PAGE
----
Pioneers of Menard & Mason Counties
Including Personal Reminiscens of Abraham Lincoln & Peter Cartwright
By T.G. Onstot, 1902


CHAPTER IV
As a Lawyer

Page 65

Lincoln belonged to the reasoning class of men. He dealt with his own mind and turned things over, seeking the truth until he established it and it became a conviction. As a lawyer he never claimed anything for his client. He stated something of both sides of the case. He has been heard to say: "Now I do not think my client is entitled to the whole of what he claims. In this or in that point he may have been in error. He must rebate something of his claim." He was very careful about giving offense, and if he had something severe to say he would turn to his opponent or to the party referred to and say, "I don't like to use this language." or "I am sorry that I have to be hard on that gentleman."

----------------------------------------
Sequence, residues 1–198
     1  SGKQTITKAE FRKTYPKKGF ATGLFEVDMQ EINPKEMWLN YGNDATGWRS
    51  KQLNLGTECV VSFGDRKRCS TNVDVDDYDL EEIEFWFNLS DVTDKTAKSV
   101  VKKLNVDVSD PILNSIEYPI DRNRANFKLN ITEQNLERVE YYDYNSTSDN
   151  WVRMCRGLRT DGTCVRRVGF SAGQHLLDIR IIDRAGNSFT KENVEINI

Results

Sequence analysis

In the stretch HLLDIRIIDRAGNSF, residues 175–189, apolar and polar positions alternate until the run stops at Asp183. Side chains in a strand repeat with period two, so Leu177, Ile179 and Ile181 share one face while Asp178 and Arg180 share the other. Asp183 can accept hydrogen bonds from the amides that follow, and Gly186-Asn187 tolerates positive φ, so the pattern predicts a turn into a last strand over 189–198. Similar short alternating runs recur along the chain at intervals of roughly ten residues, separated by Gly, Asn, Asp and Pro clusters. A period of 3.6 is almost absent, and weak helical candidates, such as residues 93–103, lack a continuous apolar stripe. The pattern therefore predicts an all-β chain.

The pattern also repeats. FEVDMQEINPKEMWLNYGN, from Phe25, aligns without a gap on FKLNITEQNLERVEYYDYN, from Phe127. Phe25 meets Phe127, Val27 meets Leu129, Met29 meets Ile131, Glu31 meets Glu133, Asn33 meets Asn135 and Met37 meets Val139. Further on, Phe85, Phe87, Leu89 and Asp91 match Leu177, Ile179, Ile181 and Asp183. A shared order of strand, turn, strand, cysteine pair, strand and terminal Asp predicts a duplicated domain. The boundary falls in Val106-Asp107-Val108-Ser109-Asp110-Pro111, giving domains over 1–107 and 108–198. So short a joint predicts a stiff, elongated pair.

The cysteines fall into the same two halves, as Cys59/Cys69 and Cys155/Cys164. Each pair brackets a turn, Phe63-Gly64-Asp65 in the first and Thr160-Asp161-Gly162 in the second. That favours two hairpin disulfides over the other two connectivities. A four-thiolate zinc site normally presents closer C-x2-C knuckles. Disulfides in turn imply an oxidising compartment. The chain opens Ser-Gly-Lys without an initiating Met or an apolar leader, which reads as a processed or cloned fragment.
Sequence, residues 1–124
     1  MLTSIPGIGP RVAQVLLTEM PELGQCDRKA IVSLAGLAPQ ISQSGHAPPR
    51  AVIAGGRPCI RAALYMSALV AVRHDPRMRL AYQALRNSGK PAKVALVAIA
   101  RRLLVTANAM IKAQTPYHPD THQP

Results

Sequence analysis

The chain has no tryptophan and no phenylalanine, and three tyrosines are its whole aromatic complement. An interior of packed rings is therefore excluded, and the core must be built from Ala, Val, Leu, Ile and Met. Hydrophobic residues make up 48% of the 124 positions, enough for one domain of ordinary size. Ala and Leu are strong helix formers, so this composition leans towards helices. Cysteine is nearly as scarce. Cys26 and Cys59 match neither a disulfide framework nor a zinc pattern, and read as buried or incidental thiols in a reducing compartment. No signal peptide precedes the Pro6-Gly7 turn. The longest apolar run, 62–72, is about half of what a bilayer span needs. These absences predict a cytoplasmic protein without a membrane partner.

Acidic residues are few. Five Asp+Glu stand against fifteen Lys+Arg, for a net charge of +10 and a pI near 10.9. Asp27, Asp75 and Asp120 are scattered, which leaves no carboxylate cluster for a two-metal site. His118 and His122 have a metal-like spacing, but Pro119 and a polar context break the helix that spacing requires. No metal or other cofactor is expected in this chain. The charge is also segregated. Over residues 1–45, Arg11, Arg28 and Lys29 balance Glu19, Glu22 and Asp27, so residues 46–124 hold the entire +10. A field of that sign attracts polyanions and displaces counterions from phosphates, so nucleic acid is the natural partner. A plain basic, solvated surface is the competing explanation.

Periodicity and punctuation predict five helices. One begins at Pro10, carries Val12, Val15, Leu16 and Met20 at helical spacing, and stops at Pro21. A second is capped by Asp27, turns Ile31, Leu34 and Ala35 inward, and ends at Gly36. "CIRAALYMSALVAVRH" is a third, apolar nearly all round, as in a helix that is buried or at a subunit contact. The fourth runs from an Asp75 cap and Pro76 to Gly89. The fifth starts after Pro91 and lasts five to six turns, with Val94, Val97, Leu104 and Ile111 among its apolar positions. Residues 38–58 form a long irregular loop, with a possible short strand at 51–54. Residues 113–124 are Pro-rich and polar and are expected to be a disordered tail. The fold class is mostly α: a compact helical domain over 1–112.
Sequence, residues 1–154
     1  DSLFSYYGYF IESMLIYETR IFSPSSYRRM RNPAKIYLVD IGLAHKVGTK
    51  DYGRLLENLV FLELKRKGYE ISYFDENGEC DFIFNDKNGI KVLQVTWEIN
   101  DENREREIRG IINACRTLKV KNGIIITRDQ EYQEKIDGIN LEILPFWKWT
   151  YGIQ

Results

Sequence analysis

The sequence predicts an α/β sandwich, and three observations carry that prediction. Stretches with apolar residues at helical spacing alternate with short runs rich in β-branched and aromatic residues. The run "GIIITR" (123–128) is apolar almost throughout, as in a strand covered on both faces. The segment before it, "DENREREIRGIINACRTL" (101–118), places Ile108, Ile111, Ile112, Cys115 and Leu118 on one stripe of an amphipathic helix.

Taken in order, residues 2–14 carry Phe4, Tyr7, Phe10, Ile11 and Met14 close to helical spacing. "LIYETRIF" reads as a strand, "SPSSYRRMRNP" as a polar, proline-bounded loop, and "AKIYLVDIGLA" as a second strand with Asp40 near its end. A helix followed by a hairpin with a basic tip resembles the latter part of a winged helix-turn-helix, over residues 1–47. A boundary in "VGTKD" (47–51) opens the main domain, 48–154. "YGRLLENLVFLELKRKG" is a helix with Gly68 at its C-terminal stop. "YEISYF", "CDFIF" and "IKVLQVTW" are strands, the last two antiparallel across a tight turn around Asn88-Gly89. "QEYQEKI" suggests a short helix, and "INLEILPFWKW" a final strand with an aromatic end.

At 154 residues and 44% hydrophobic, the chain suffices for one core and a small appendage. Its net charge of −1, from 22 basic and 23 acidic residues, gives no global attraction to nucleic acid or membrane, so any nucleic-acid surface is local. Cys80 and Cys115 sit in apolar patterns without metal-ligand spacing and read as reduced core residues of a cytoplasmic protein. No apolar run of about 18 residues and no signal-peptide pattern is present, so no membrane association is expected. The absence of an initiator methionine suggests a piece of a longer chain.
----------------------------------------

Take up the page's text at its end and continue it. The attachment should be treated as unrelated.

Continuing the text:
Therefore, what he did say was very effective and he very seldom wounded the parties interested. Throughout Mr. Lincoln's life that kind of wisdom attended him and made him great and skillful in handling people. He had a smooth, manly, pleasing voice, and when arguing in court that voice attracted the jury and did not tire them as they followed the argument throughout. He was not a graceful man. He would lean on the back of a chair or stand with his arms folded. Yet there was a pleasure in hearing him. A lady once said that he was the best looking ugly man she ever saw.

Transcribed by:Brenda Hamilton Johnson

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